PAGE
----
RNA researchers rejoice! It’s been a good week for DNA’s often-underappreciated cousin. Most people are worried about the genetic material that stays safely tucked in the nucleus of cells, but RNA is definitely the genetic workhorse. Without these molecules, our genetic programs would be useless artifacts locked in the cell nucleus like some sort of museum object. DNA is the storage vehicle, but RNA is the messenger. RNA is cellular middle management, broadcasting the executive order from the nucleus’s control center, passing on the program to proteins, and even getting involved in regulating all those processes from time to time.
I didn’t make it to the Nobel Prize festivities in early December. But my husband’s Ph.D. adviser (a friend of a 2008 laureate) hobnobbed with the Nobel elite. She brought back a couple souvenirs as holiday gifts for members in the lab. First of all, everyone needs their own chocolate Nobel Prize.
But we were really fascinated with the Tippe Top from the Nobel Museum. It’s super simple-looking, rounded on the bottom with a dowel-like rod for a spinner. As it spins, the dowel moves from the tippy-top of the top, until the top spins on the dowel. Little did I know that physicists have been arguing about the mechanics of this toy since Sir Isaac Newton: though simple-looking, the physics and mathematics that explain this behavior are anything but. As a recovering chemist, I love the idea of one of my scientific heroes, Niels Bohr, a man absorbed with the spinning behavior in atoms, was also obsessed with the physics and mathematics of this toy.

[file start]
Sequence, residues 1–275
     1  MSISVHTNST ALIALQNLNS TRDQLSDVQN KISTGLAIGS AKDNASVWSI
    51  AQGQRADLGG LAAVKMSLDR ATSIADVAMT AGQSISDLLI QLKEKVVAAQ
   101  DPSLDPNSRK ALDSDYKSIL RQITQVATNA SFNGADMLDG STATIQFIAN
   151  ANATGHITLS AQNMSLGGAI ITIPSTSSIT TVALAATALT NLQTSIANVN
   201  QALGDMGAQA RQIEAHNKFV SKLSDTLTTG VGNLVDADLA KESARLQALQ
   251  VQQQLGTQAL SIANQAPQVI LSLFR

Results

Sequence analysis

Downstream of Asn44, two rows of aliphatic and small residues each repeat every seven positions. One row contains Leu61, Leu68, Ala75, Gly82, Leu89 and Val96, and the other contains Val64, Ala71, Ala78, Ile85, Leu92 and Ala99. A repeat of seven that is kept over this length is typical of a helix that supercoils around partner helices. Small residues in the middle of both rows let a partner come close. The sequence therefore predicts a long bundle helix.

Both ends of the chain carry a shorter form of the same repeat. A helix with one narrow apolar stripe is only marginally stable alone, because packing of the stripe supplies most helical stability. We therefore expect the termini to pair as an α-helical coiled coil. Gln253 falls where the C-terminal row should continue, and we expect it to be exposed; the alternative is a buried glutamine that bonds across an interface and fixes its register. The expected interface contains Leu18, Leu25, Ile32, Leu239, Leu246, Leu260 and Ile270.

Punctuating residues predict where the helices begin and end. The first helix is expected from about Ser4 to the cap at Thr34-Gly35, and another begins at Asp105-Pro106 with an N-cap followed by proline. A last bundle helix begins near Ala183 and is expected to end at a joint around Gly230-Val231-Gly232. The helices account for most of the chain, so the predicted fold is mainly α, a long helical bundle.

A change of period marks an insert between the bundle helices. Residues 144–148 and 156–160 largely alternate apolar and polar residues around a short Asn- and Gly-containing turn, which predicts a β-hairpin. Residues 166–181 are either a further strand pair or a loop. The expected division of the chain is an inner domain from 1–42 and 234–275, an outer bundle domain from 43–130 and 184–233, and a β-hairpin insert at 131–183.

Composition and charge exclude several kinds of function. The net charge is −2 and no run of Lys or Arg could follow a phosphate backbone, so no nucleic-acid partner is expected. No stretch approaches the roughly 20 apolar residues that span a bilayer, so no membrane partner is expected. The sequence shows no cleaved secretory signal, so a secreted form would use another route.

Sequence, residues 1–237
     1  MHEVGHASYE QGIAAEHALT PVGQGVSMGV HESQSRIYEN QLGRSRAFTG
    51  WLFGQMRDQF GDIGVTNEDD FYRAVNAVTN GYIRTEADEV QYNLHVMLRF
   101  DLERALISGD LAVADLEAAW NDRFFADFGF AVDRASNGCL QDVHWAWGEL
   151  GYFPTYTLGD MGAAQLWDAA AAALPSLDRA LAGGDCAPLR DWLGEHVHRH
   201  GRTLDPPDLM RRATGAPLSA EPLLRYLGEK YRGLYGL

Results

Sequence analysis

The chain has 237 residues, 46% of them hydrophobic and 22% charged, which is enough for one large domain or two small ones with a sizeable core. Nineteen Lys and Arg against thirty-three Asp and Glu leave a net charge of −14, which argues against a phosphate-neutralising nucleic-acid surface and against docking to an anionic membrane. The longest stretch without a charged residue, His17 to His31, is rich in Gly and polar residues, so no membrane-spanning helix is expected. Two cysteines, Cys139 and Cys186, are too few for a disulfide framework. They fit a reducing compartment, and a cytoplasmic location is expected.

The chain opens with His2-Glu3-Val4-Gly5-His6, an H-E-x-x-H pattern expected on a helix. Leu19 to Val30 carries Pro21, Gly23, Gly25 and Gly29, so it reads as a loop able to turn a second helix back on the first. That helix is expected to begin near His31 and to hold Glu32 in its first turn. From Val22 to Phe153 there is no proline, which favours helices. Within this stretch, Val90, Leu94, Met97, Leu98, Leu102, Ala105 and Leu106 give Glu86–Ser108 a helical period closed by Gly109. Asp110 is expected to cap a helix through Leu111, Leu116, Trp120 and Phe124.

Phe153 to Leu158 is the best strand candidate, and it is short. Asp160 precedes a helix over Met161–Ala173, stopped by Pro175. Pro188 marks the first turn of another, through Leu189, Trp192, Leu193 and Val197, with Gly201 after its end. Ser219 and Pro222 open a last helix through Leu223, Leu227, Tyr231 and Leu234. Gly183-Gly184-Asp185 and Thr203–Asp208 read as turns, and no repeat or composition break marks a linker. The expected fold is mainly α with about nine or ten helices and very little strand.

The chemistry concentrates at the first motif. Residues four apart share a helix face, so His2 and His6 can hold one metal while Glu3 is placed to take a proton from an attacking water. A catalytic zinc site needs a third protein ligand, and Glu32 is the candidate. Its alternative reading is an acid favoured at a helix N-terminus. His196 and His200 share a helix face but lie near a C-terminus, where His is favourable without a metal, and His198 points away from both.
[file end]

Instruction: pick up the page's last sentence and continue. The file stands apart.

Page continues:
The more I watch it, the more fascinating the problem is. The top appears to rotate in a constant direction, but it actually changes directions as it flips, maintaining the appearance of constant rotation in one direction. In keeping with the Bohr connection, the Danes have a fascinating description of the history and the physics behind the top. It’s all about shifts in the rotational axis and the wonders of sliding friction.